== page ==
When comparing the 2016-2017 school year to 2015-2016, the proportion of students reported to enter kindergarten in California after receiving all required immunizations increased by 2.8 percentage points to 95.6%, following an increase by 2.4 percentage points between the 2014-2015 and 2015-2016 school years. The 2016-2017 rate of 95.6% is the highest reported to CDPH since varicella vaccine became the most recent addition to the immunizations required for kindergarteners, which began in the 2001-2002 school year.
The CDPH report contains a wealth of information on vaccine uptake, PBEs, and permanent medical exemptions (PMEs). As I documented in 2015 and 2016, antivaccine activists are doing their damnedest to abuse PMEs. For instance, I note an interesting observation in Marin County, PMEs increased from 0.2% in 2015-2016 school year to 2.1% in the 2016-2017 school year, whopping ten-fold increase. In Orange County, another hotbed of antivaccine activity, PMEs increased from 0.2% to 0.8%, a four-fold increase. Interestingly, by comparison, in San Francisco County, during the PME rate only increased from 0.2% to 0.5%. By way of comparison, in Los Angeles County, PMEs increased from 0.1% to 0.4%.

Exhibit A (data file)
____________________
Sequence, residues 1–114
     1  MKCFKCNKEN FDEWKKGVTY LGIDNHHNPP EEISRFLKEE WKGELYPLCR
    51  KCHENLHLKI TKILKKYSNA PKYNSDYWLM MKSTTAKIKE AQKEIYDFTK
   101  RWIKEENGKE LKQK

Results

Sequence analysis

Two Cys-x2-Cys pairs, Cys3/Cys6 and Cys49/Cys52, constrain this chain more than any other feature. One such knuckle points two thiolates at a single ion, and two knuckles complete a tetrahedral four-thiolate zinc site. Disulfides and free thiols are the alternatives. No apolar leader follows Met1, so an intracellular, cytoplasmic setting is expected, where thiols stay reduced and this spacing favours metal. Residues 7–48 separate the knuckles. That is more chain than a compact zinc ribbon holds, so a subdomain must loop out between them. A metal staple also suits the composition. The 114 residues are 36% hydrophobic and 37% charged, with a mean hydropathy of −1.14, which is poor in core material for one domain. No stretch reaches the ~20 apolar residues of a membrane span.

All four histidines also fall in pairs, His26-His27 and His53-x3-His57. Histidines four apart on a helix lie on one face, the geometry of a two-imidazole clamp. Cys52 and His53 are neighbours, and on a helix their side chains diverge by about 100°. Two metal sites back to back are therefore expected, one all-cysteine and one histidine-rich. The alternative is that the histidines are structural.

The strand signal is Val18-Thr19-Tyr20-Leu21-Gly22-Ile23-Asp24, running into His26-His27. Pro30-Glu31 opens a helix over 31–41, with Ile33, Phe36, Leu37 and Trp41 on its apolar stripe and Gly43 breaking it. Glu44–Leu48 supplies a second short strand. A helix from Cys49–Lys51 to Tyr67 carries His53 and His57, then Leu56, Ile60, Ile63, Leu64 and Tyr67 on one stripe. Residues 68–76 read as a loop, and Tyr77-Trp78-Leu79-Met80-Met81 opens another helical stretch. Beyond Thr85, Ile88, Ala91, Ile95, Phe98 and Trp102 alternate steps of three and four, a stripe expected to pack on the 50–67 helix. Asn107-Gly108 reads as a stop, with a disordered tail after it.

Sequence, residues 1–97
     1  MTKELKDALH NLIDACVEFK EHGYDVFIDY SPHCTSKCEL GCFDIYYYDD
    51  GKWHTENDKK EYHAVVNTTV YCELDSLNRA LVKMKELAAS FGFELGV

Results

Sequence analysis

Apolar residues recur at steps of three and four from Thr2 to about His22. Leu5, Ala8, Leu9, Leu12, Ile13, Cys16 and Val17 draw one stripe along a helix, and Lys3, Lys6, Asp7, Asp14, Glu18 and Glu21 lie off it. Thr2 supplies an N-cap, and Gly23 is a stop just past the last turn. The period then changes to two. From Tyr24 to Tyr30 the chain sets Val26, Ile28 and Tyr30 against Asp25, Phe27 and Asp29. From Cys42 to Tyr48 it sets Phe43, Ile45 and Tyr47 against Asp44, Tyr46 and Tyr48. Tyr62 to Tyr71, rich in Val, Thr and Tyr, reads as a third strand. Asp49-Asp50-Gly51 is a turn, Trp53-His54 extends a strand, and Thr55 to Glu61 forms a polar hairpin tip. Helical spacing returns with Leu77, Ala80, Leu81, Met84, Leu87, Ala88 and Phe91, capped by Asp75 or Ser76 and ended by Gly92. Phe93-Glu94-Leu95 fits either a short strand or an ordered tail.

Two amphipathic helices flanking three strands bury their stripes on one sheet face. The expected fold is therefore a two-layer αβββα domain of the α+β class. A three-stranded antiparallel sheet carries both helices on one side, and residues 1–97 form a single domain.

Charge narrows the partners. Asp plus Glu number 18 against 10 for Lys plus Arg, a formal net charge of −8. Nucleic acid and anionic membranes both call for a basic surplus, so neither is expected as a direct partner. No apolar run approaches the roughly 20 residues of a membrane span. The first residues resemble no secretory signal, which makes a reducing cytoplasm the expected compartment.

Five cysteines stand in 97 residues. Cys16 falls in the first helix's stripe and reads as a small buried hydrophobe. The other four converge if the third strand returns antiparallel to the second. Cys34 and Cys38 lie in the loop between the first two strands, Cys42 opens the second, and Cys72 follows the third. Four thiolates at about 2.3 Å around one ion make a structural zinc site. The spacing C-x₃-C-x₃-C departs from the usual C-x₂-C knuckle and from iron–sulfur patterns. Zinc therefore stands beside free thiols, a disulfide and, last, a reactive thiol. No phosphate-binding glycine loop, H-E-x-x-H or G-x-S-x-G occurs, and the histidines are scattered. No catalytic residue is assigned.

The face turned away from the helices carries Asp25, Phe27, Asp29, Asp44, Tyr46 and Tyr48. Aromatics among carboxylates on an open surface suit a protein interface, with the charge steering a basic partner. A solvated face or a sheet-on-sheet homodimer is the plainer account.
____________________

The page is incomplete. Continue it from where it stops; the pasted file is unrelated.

In an ideal world, there would be no PBEs, no exemptions to school vaccine mandates based on anything other than medical indications. Of course, this is not an ideal world. Fortunately, measures that make PBEs difficult to obtain, such as AB 2109 in California and my state’s policy to require that parents who wish to obtain a PBE must go to a state or county health office for counseling on the risks of not vaccinating, also work to increase vaccine uptake. They don’t work as well as eliminating all nonmedical exemptions to school vaccine requirements, but they work and thus are reasonable alternatives to banning nonmedical exemptions in states where it is just politically impossible to do something as radical as SB 277.